Cahora Bassa Dam

From Wikipedia, the free encyclopedia
Jump to: navigation, search
Cahora Bassa Dam
STS51B-51-14- Lake Cahora Bassa.jpg
Lake Cahora Bassa
Cahora Bassa Dam is located in Mozambique
Cahora Bassa Dam
Location of Cahora Bassa Dam in Mozambique
Location Tete, Mozambique
Coordinates 15°35′09″S 32°42′17″E / 15.58583°S 32.70472°E / -15.58583; 32.70472Coordinates: 15°35′09″S 32°42′17″E / 15.58583°S 32.70472°E / -15.58583; 32.70472
Construction began 1969
Opening date 1974
Dam and spillways
Impounds Zambezi River
Height 171 m (561 ft)
Creates Cahora Bassa Lake
Total capacity 55.8 km3 (45,200,000 acre·ft)
Catchment area 56,927 km2 (21,980 sq mi)
Surface area 2,739 km2 (1,058 sq mi)
Maximum water depth 157 m (515 ft)
Power station
Turbines 5 × 415 MW (557,000 hp) Francis-type
Installed capacity 2,075 MW (2,783,000 hp)

The Cahora Bassa Dam is a dam in Mozambique. It is one of the three major dams on the Zambezi river system, the others being the Kariba and the Itezhi-Tezhi, the latter on the Kafue River, a tributary of the Zambezi.


Cahora Bassa Dam upstream view

The dam began to fill in December 1974 after construction was commenced in 1969 by the Portuguese colonial government of Mozambique (Portugal), and is 171 metres (561 ft) high by 303 metres (994 ft) wide at the crest. Built in the first half of the 1970s when Mozambique was still a Portuguese territory, long stretches of the power transmission lines were sabotaged during 16 years of Mozambican Civil War which ended in 1992.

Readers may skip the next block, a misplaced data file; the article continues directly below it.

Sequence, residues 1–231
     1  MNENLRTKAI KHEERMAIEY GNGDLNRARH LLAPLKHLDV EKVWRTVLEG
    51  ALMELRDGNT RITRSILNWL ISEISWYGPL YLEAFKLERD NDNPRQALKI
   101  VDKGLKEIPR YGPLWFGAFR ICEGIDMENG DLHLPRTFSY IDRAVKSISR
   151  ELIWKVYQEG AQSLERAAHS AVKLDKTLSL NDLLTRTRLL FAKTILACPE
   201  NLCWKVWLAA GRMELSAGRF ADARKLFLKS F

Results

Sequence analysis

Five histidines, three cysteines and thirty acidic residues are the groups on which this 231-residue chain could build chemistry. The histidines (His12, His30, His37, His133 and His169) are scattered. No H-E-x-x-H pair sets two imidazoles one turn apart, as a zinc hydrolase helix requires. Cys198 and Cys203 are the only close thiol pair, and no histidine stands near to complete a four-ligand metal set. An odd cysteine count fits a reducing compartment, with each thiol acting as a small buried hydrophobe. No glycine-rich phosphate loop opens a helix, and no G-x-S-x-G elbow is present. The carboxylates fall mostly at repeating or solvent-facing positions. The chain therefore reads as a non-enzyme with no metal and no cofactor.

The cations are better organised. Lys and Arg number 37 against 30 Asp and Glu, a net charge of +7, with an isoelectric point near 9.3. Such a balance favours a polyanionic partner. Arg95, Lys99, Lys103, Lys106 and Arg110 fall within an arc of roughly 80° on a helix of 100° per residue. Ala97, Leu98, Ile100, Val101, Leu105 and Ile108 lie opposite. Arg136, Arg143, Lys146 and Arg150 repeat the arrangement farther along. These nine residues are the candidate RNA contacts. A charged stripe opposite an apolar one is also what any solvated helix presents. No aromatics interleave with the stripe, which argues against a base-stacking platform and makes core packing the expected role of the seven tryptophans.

The lake has reached a maximum length and width of approximately 250 kilometres (160 mi) and 38 kilometres (24 mi) respectively, flooding an area of 2,700 square kilometres (1,000 sq mi) with an average depth of 20.9 metres (69 ft).[1]

Power stations[edit]

The Cahora Bassa system is the largest hydroelectric scheme in southern Africa with the powerhouse containing five 415 megawatts (557,000 hp) turbines. Most of the power generated is exported to South Africa, which is done by the Cahora Bassa HVDC system, a set of High voltage direct current lines. The system includes two converter stations, one at Songo in Mozambique and the other at Apollo in South Africa. There are two parallel power lines between these two stations, covering 1,400 km, of which 900 km is in Mozambican territory. These HVDC lines work at 533 kV and in Mozambique territory only have about 4,200 towers.

See also[edit]